Fathers of the Church

Letter Xc

Description

This letter is from Nectarius, a non-Christian from the town of Calama, some of whose pagan citizens had recently attacked the local Catholic church and killed one of its members (for this information see Augustine’s reply, letter XCI). Nectarius asks Augustine to ensure that punishment will not be directed against the whole community.

Provenance

The extant correspondence of St. Augustine includes more than 270 letters, including well over 200 written by him. Those numbered 31-123 span the period from his episcopal ordination until the conference between Catholic and Donatist bishops held in 411.

by Augustine of Hippo in 408 | translated by J. G. Cunningham

TO MY NOBLE LORD AND BROTHER, WORTHY OF ALL ESTEEM, BISHOP AUGUSTIN, NECTARIUS SENDS GREETING.

I do not dwell upon the strength of the love men bear to their native land, for you know it. It is the only emotion which has a stronger claim than love of kindred. If there were any limit or time beyond which it would be lawful for right-hearted men to withdraw themselves from its control, I have by this time well earned exemption from the burdens which it imposes. But since love and gratitude towards our country gain strength every day, and the nearer one comes to the end of life, the more ardent is his desire to leave his country in a safe and prosperous condition, I rejoice, in beginning this letter, that I am addressing myself to a man who is versed in all kinds of learning, and therefore able to enter into my feelings.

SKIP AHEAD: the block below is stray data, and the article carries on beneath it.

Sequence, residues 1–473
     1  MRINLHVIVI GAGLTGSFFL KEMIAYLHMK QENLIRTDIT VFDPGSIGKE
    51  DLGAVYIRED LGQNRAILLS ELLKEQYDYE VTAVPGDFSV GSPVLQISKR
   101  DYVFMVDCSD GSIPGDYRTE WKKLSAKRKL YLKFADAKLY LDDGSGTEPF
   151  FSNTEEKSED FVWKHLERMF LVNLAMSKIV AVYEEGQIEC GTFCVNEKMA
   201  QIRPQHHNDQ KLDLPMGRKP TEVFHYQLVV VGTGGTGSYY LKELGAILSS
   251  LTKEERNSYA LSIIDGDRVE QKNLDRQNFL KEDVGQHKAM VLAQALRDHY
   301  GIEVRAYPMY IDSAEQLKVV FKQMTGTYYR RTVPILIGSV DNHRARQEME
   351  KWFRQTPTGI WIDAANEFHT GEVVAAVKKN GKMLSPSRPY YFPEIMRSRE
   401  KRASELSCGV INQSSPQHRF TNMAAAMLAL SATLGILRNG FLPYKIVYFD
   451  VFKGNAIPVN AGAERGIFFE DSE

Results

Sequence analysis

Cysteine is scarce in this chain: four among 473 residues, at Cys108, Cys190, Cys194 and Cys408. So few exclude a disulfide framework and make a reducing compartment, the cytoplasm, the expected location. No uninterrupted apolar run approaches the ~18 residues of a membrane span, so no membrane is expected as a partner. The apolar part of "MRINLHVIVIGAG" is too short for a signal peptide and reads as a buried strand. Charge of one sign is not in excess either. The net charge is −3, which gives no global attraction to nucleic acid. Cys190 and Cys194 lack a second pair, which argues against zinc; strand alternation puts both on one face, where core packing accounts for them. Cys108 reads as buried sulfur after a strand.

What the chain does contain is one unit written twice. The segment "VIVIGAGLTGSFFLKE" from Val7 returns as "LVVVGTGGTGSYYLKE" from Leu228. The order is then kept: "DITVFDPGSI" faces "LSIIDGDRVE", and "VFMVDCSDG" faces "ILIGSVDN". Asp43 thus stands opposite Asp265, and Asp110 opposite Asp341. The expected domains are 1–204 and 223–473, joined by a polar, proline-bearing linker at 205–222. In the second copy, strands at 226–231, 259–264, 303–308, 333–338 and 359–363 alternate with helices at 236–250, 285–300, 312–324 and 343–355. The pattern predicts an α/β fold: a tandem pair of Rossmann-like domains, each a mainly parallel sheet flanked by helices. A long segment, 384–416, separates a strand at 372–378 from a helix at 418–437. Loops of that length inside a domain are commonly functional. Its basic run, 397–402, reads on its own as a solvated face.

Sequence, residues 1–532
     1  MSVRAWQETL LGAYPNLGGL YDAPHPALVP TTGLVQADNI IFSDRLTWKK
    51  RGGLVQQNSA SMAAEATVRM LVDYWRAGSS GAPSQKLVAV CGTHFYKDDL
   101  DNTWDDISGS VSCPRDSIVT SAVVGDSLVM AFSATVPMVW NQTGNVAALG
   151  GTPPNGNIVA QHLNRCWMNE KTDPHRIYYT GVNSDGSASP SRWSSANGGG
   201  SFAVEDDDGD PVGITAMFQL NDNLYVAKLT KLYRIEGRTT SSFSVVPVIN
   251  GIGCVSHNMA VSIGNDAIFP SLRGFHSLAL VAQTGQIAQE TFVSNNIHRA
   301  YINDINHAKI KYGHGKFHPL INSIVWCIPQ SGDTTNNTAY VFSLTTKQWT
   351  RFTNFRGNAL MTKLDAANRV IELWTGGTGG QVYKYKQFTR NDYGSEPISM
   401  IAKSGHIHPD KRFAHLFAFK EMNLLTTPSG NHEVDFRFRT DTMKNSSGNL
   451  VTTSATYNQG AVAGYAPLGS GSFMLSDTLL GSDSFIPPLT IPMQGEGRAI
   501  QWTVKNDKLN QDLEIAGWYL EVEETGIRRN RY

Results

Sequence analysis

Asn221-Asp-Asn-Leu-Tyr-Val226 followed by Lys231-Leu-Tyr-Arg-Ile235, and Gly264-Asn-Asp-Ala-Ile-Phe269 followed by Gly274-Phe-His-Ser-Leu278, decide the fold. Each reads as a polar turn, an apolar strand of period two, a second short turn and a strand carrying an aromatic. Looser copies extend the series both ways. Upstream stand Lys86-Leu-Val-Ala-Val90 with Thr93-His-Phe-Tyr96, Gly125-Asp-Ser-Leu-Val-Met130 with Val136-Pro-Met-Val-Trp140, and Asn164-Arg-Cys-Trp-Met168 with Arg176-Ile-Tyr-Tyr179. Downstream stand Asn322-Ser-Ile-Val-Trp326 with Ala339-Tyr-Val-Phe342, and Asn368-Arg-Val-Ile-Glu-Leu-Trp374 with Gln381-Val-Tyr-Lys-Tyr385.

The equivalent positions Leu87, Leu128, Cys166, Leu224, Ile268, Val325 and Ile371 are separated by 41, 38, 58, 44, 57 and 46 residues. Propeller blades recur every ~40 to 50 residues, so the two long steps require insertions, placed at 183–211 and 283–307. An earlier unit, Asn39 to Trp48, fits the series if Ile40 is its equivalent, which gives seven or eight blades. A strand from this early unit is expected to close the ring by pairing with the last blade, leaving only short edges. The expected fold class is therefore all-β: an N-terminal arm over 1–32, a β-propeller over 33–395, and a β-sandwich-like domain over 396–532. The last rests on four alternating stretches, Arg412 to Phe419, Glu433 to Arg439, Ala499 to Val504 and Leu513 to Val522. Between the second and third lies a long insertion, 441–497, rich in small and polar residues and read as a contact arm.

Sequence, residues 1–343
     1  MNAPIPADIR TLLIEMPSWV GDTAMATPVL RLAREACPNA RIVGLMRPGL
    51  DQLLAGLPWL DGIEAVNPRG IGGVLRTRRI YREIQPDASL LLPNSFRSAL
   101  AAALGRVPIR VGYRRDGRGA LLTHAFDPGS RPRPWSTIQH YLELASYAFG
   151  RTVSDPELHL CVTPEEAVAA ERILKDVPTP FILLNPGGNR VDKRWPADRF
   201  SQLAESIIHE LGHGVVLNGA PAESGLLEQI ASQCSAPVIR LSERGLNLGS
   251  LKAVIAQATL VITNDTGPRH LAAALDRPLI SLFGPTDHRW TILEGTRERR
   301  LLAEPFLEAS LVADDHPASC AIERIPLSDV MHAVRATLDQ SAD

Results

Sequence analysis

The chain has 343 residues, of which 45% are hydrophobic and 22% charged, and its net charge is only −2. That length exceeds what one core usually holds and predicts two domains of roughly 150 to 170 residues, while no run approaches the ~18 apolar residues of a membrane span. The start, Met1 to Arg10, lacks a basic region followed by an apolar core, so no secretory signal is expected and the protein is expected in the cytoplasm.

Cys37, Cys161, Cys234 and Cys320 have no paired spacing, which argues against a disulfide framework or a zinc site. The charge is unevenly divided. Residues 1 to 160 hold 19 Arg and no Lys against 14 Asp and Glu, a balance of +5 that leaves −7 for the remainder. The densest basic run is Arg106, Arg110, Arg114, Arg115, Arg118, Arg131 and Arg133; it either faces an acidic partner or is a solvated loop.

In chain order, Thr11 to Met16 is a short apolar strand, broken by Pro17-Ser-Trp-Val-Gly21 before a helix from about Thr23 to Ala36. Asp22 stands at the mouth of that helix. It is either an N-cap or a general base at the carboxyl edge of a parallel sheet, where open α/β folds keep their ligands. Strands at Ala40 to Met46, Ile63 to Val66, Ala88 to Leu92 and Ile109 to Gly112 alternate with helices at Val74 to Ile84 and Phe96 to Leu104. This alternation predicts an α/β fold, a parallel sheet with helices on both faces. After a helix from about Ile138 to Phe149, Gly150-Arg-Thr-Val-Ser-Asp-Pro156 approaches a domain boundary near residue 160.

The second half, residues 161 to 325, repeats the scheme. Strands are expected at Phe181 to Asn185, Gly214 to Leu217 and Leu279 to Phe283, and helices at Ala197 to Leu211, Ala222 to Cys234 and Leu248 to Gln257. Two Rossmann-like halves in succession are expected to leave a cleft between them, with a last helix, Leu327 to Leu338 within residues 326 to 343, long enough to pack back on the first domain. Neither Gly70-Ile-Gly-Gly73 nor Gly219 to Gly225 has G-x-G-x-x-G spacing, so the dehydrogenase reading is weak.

There are many things in the colony of Calama which justly bind my love to it. I was born here, and I have (in the opinion of others) rendered great services to this community. Now, my lord most excellent and worthy of all esteem, this town has fallen disastrously by a grievous misdemeanour on the part of her citizens, which must be punished with very great severity, if we are dealt with according to the rigour of the civil law. But a bishop is guided by another law. His duty is to promote the welfare of men, to interest himself in any case only with a view to the benefit of the parties, and to obtain for other men the pardon of their sins at the hand of the Almighty God. Wherefore I beseech you with all possible urgency to secure that, if the matter is to be made the subject of a prosecution, the guiltless be protected, and a distinction drawn between the innocent and those who did the wrong. This, which, as you see, is a demand in accordance with your own natural sentiments, I pray you to grant. An assessment to compensate for the losses caused by the tumult can be easily levied. We only deprecate the severity of revenge. May you live in the more full enjoyment of the Divine favour, my noble lord, and brother worthy of all esteem.

Taken from "The Early Church Fathers and Other Works" originally published by Wm. B. Eerdmans Pub. Co. in English in Edinburgh, Scotland, beginning in 1867. (NPNF I/I, Schaff). The digital version is by The Electronic Bible Society, P.O. Box 701356, Dallas, TX 75370, 214-407-WORD.